- Bond or Bail
When required to post bond and bail, it means defendants must deposit cash to secure their release, pending when the case is settled. This money may be paid either by surety bond or cash bond.
Where the judge requires a cash-only bond, say $15,000 cash, the defendant must post the amount with the court. The money is usually refunded after completing the case — after court fees deductions.
Where a surety bond is specified, a bail bondsman or a bondsman is allowed to pay a certain percentage of the total amount with the court. This is usually followed by an agreement that the bondsman will be liable, and pay whatever unpaid bond — in the event defendants abscond or fail to show up in court.
However, the bondsman receives a nonrefundable percentage — mostly 10% — of the total bond and offer collateral — like deeds to real estates — and/or a consignor.
Where the defendant absconds, the bondsman will pay the bond to the court He can — afterward — either retrieve the sum from the consignor or claim the collateral.
- Other cases
Besides the Release on Own Recognition or the post bail, other release conditions are available.
These may include:
- Blocking all defendant-witness contacts
- The prohibition of drug and alcohol use
- No contact with other defendants and known criminals
- No new arrests, no weapon possession
- Restriction of movement outside the state or country.
Where any of these provisions are violated, the Release on own recognition or bond bail may be annulled, and the defendant held — without bond.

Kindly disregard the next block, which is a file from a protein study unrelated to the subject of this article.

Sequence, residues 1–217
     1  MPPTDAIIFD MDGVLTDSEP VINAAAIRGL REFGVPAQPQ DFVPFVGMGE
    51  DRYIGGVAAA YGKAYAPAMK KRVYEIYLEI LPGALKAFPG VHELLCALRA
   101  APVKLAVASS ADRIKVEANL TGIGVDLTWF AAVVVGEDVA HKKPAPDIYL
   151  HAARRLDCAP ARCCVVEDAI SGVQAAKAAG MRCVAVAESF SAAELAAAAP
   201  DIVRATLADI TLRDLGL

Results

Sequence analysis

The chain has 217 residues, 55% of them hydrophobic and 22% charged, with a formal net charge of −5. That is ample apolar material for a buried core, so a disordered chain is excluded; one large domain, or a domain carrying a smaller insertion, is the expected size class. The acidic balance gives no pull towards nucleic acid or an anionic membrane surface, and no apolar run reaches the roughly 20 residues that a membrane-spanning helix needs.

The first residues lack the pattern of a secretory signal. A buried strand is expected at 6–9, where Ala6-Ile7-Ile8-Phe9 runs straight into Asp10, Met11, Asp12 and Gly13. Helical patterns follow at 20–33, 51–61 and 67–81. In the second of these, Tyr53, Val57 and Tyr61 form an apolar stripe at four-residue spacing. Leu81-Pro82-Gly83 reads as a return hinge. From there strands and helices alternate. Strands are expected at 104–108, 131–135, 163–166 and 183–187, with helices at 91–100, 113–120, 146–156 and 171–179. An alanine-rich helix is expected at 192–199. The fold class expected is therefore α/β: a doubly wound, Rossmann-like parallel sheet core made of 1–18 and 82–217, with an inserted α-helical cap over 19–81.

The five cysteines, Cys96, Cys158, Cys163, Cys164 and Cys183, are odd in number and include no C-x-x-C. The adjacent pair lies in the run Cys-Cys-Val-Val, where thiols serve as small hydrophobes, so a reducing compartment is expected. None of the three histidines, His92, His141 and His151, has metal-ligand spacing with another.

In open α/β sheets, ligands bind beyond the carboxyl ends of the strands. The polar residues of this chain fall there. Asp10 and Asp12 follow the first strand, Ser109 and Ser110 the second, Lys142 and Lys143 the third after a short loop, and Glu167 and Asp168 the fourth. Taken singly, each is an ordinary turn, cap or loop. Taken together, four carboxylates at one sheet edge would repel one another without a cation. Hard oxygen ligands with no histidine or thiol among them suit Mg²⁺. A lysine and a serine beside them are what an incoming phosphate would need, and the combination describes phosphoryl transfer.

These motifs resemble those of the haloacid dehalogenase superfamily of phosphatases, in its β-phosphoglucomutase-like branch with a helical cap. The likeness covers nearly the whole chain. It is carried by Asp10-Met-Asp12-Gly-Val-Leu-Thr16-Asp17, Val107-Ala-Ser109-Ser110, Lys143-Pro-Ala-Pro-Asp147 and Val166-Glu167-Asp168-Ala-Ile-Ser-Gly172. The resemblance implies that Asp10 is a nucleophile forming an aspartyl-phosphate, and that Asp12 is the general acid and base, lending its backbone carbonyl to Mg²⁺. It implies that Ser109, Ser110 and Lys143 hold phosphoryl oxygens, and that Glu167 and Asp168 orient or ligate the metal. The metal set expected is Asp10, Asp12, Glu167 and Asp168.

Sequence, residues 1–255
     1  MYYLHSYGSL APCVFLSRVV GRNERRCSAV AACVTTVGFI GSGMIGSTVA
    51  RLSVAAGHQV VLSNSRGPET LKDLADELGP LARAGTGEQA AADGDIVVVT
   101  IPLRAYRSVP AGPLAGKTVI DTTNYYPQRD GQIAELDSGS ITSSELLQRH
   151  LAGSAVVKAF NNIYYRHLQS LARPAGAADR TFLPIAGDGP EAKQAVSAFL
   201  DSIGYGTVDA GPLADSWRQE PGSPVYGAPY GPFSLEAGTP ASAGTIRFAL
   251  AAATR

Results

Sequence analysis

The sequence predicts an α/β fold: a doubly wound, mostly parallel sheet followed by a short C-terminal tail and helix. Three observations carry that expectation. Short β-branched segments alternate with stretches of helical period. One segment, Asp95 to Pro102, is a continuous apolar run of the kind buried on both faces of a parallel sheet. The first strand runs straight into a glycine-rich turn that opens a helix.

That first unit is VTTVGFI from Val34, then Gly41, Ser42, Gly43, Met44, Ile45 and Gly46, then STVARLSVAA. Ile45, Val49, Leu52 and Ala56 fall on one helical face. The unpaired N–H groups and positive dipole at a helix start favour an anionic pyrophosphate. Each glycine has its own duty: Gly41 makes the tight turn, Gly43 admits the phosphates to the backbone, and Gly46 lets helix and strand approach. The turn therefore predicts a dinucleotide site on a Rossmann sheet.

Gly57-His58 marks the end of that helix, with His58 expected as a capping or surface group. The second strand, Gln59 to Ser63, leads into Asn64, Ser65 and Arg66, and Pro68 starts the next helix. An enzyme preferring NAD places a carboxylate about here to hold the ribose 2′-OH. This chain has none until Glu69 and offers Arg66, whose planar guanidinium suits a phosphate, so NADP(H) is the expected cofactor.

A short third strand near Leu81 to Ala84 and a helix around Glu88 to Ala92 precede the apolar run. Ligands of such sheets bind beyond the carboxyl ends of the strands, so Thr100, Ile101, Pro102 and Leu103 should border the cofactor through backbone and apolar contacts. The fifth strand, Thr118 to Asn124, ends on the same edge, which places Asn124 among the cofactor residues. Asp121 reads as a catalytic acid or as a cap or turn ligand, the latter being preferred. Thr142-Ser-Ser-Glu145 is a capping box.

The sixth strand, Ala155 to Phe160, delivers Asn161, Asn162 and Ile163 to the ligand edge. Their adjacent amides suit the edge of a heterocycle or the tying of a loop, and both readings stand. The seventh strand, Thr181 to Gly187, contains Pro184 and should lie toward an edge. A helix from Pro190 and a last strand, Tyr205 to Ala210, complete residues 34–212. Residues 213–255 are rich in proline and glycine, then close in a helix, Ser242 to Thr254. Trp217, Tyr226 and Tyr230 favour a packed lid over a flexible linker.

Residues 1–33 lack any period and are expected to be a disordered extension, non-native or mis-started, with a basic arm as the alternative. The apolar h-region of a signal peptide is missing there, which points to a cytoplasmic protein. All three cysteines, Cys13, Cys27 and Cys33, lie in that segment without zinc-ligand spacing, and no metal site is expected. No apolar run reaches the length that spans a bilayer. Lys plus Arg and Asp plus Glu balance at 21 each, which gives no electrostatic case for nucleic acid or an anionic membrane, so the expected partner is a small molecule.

- Supervised release
While a case stays pending, the judge may put defendants under a supervised release scheme. This is termed pre-trial supervision across some states — a program similar to probation while a case pends. Defendants are expected to report to a supervising officer — like the probation officer — and follow the officer’s directives.
How Do I Prepare for an Arraignment?
One effective way to successfully going through an arraignment is seeking direction from a seasoned criminal defense attorney. They know how best to build a good defense strategy an increase your chances of success. Here are other vital tips to know about your arraignment process.
- Do well to come early at your arraignment. It’s a lot better to arrive early and wait up — than show up late.
- Dress well. Be conservative in your appearance — come in a suit or a dress shirt, blended with slacks or skirt. Avoid sporting wears, jeans, clothing with attracting logos and other casuals. This may send wrong signals about your personality to the judge.
- Come in with an officer of the court. Do not approach the judge except permitted to.
- Be alert and listen when standing before the judge. Where requested, ensure your responses are precise and courteous.
- Do not narrate your case details to the judge or courthouse staffs — discuss only with your lawyer.
Discuss with an Attorney
If you got an arraignment notice or got arrested, consult a seasoned attorney as soon as possible. An experienced attorney will take you through the arraignment process — according to your state laws — and offer professional advice on the available options. When represented by a counsel, the arraignment process can be a walk in the park. And, ultimately, this will make a significant impact on the release condition the court adopts.
After an Arraignment
Arraignment is a vital — but challenging — part of a trial. Here, charges are tendered before the defendant, formally, and a plea is entered. More than ever, the defendants need support from all quarters — particular from friends and family.
Families ought to stand by their loved ones as they navigate through this dreaded legal process. Encourage the defendant to discuss and cooperate with their criminal defense attorney for the best outcome.
Have you experienced a felony arraignment? Kindly share your advice in the comment box.
Read also: Can Felons Vote in the State of Texas?
Robert Gomez was born and raised in the Bronx, New York. He currently lives in Northern California with “the wifey,” “the kids,” “the dog,” and “that cat,” 🙁 He is also a former journalist who has interviewed murderers on death row. Felonyfriendlyjobs.org was born to help ex-felons get a second chance in life.